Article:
Former Senate Intel Staffer Gets Two Months For Leak Probe Lies


During a tense, emotional hearing on Dec. 20, a federal judge rejected conflicting government recommendations and ordered a two-month jail sentence for a former longtime U.S. Senate staff member for lying to FBI agents investigating leaks of confidential information to journalists.

Former Senate Intelligence Commission staff member James A. Wolfe, 58, received the sentence in Washington, DC’s federal court after U.S. District Judge Ketanji Brown Jackson rejected the Justice Department’s unusual request for greatly increased punishment and an even more unusual plea for leniency by top leaders of the Senate committee.

james wolfe cspanThe case’s drama included the defendant’s tearful apologies for wrongdoing that cost him both his job and threatened his marriage because the FBI exposed how Wolfe, shown in a file photo from an appearance on C-SPAN discussing security issues, had been having an affair with a young reporter.

Wider implications included prosecutors’ claims that Wolfe’s actions endangered national security and the judge’s detailed analysis of why the deserved jail time but far less than prosecutors had been seeking.

The judge, shown below right in a file photo, rejected the government’s theory that Wolfe, the Senate committee’s director of security for three decades, endangered national security in a way that deserved a vast elevation of his culpability under federal sentencing guidelines.

ketanji brown jacksonShe said that she would sentence him purely on the charge of lying in his plea agreement, but then said that he deserved jail time in part because he had violated his position of responsibility.

This reporter covered in person the sentencing and also the sentencing hearing two days previously in a nearby courtroom for former Trump National Security Advisor Michael Flynn, who also had pleaded guilty to lying to FBI agents.

Wolfe’s attorneys had cited as examples of leniency Flynn’s case, and the probation terms for former Clinton National Security advisor Sandy Berger (for removing classified documents from the National Archives) and for former Obama CIA Director David Petraeus (for disclosure of classified information to his lover and biographer Paula Broadwell).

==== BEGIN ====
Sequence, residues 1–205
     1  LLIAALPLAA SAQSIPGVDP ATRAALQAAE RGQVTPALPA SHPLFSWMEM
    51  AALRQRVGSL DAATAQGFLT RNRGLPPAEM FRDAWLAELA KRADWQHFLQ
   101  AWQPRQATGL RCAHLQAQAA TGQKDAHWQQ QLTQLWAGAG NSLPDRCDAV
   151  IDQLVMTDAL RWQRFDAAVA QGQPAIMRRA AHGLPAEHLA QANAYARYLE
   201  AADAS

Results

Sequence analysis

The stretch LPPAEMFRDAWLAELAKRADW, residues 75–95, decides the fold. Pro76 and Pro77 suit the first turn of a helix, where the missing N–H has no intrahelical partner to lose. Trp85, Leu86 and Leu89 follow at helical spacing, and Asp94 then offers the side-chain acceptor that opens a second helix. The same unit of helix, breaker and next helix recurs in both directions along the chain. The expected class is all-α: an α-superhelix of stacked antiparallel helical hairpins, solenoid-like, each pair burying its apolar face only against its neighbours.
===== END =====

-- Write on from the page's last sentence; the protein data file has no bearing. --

emmet sullivan 2012The judge noted, however, that Berger and Petraeus had pleaded guilty to misdemeanor charges, unlike Wolfe.

Flynn’s sentencing has been postponed until March after U.S. District Judge Emmet Sullivan, left, surprised litigants and commentators alike by denouncing Flynn.

Sullivan expressed doubt that Flynn should avoid jail time as prosecutors had recommended because of Flynn's extraordinary cooperation with the probe of Special Counsel Robert Mueller into the Trump administration.

Other Parallels

Earlier this year, Dutch attorney Alex van der Zwaan received a 30-day sentence and former Trump campaign adviser George Papadopoulos received 14 days for lying to the FBI during the Mueller probe. 

Painful Proceeding

In Thursday's proceeding:

“I am beyond embarrassed, beyond humiliated,” Wolfe told Jackson, who handed down from the bench a box of tissues as the defendant choked up repeatedly in describing his crime and its circumstances.

These included a three-year relationship with reporter Ali Watkins, who later became a reporter for the New York Times after her relationship ended with the married Wolfe. The Times demoted her after an investigation.

fbi logo“I compounded the lapse in judgment by sharing information with reporters after that relationship ended,” Wolfe said, as reported by a Washington Post account excerpted below. “I lied to protect my wife, my sons, and selfishly I lied to protect myself and my job.”

The requirements of Wolfe's job forbade discussions with reporters, authorities said. He pleaded guilty to a disclosure with a different reporter than Watkins. Wolfe said his disclosure involved confidential logistics about a committee witness but not classified information.

Wolfe's wife and one of his sons were present in the courtroom. The judge acknowledged that their support helped show the defendant's positive attributes, as did his Army service, work with the Senate and civic volunteer service. 

But she said that lying to FBI agents is a serious crime and that others who have done so, including two defendants in the Mueller probe, have recently received brief jail terms despite no previous record.

She said that fairness requires that Wolfe should also. She imposed also a $7,500 fine, with 80 hours of community service. 

She concluded the two-hour sentencing hearing by stating, "Mr. Wolfe, good luck."

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Related News Coverage

Dec. 20